Actor Bambadjan Bamba reveals undocumented status: ‘We just can’t be scared anymore’
Motivated by Burning Man-in Chief Donald Trump’s looming DACA (Deferred Action for Childhood Arrivals) repeal, the thirty-five-year-old TV and film actor Bambadjan Bamba has revealed his immigration status as an undocumented person who has been working in America using the aid of a work permit he obtained through DACA (which is subject to renewal every two years).
Bambadjan Bamba told Variety “I’m going public first and foremost because I’m sick and tired of living in fear and hiding about this issue… I’ve kind of been in this status for 25 years of my life. I remember when the administration decided to cancel DACA — that was the last straw for me because not only am I married, but I have a daughter now. I didn’t feel like I could still sit back and keep hitting the snooze button.”
Bamba has been living in America since the age of 10, when he emigrated to America with his parents who were escaping a coup d’etat in the Ivory Coast, Bamba grew up in the South Bronx, where he used hip-hop to learn how to speak English in an American accent. It was not until he started applying for college, however, that he became exposed to the legal ramifications of his immigration status and wound up working as a cab driver to pay for acting classes because his citizenship status made him ineligible for financial aid.
Bamba is hoping that this campaign will push Congress to create a clean DREAM act, but given what this particular Congress is known for doing (nothing), that seems as though it is hoping against hope. Bamba also tells the LA Times:
I speak with an American accent now because of the story I told you of my childhood. I’m an actor, and it works when you have both accents. No one imagines, no one thinks in their wildest dreams that I’m undocumented. There’s also a lot of resources and organizations set up for Latino immigrants, because they’re the majority. Black immigrants really don’t have that much support… and for people from the Caribbean or Africa, there’s a shame culture around being undocumented. No one even wants to come out and talk about it.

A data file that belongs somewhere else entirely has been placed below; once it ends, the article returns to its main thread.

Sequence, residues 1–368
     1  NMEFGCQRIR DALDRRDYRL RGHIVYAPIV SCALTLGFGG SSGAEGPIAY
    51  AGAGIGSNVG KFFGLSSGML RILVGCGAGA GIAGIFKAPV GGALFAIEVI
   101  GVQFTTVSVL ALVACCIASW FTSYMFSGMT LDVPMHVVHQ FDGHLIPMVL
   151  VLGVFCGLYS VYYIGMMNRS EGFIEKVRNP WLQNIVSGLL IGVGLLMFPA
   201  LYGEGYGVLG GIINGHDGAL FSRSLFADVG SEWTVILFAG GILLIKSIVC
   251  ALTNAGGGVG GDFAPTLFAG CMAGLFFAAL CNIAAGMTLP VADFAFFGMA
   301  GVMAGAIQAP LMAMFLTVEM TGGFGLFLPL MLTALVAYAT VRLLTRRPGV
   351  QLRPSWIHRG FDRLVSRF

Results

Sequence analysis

Bamba also spoke of the dual oppression he faces as a Black undocumented person when the LA Times asked him about the news that Trump would rescind DACA:
We’re back here again. [Being undocumented] is like this thing you want to forget, but you keep getting reminded of. And it’s not just a simple reminder; you’re having nightmares. I have friends who had nervous breakdowns the day before they’re supposed to go see a judge. There’s a lot of fear around the issue because they criminalize you. You’re just here to go to school. Your parents can’t pay for the school. Next thing you know, you’re undocumented, and you’re a criminal, and you’re sent to jail. It’s just this spiral. It’s a little different when you’re black and you’re an immigrant because the cop doesn’t care that you’re an immigrant at first. You’re just black. You’re dealing with all those issues. When he finds out you’re an immigrant, he’s like, “Oh, okay. I got you now.”
Since his ‘coming out’ Bamba has become a public face for immigrants working in Hollywood and he hopes that this visibility Hollywood affords him and by extension, the immigrants he represents will put pressure on the policy discussions around immigration and around immigrants.
Only time will tell if this strategy will work, and if the public pressure that Bamba and others hope will result in a positive gain for those who are still living within two-year windows, fighting off deportations. We certainly support the human rights of immigrants and believe that they deserve to stay in the country and make the lives that they deserve without living in fear of raids or deportations.